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Article | Pensions Briefing

UK pensions headlines: December 2023

December 21, 2023

This months’ round up of recent developments in UK pensions covers a range of topics including scheme returns, the lifetime allowance and updated cyber security guidance from TPR.
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Lifetime allowance (abolition) guidance newsletter – December 2023

Glyn Bradley | December 21, 2023

HMRC have published their Lifetime allowance guidance newsletter – December 2023 on the abolition of the lifetime allowance. Following the Autumn Statement and the presentation of the Finance Bill last month, the guidance reconfirms the Government’s intention to abolish the lifetime allowance from 6 April 2024, and the intended effect of the legislation currently before Parliament. It includes overviews of the new tax-free cash limits, amended trivial commutation valuations, the new overseas transfer allowance, and the reintroduction of charges on certain lump sums paid from non-UK pension schemes. There will be a final 5 April 2025 cut-off for fixed protection, individual protection, as well as for international and pension credit enhancements.

HMRC also confirm changes from the draft legislation on which it consulted over the summer, so that trivial, small and wind-up lump sums will not reduce members’ lump sum (and death benefit) allowances; and that no income tax will be payable on beneficiaries’ drawdown and annuity income if those pensions derive from uncrystallised rights and a member’s death under age 75. The guidance acknowledges a mistake in the Finance Bill and confirms that a new reporting requirement will apply only to any lump sums paid over the new (standard) allowances. At present the Bill says all lump sums need to be reported – this will be corrected at the “earliest opportunity”.

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Scottish government to increase income tax rates from 6 April 2024

Dave Roberts | December 21, 2023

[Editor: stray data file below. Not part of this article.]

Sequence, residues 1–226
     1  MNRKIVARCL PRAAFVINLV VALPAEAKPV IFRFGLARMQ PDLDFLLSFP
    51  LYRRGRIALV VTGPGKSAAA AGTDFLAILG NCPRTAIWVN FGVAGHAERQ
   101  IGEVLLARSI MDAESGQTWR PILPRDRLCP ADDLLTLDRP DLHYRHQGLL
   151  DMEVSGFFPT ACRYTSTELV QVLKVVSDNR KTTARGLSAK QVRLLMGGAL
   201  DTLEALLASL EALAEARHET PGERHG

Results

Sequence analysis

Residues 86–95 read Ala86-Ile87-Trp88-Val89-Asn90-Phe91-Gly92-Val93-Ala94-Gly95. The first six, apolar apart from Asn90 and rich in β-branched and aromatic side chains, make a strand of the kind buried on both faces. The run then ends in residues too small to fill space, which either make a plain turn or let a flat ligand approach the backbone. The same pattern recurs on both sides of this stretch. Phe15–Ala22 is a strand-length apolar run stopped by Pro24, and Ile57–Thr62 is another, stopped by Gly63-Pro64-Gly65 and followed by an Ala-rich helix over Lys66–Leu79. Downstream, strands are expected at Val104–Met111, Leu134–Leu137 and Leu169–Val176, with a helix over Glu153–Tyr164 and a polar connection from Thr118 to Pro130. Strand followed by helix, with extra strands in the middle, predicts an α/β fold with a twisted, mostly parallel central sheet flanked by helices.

The Scottish government has the power to set its own income tax rates and bandings (other than the personal allowance). It announced these for the 2024-25 tax year on 19 December 2023, increasing the top rate of tax by 1% to 48% (on earnings over £125,140) and introducing a new “advanced rate” of 45% for earnings between £75,001 and £125,140. The rates for the rest of the UK had already been confirmed in the Autumn Statement.

From 6 April 2024, Scotland will have six bands of income tax, compared with three in the rest of the UK.

Scottish income tax bands
Scotland income range Scottish rate
Starter rate £12,571 – £14,876 19%
Basic rate £14,877 – £26,561 20%
Intermediate rate £26,562 – £43,662 21%
Higher rate £43,663 – £75,000 42%
Advanced rate £75,001 – £125,140 45%
Top rate (Additional rate rest of UK) Over £125,140 48%

The standard personal allowance is £12,570 across all of the UK and this is withdrawn at a rate of £1 for each £2 of income, meaning that once an individual has income of £125,140 they receive no personal allowance. Within the income range of £100,000 – £125,140, this increases the effective tax rate by half as much again, so 67.5% in Scotland and 60% in the rest of the UK. On top of this, individuals pay 2% national insurance contributions (NICs) on earned income.

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TPR publishes updated cyber security guidance

Kirsty Cotton, Janine Bennett | December 19, 2023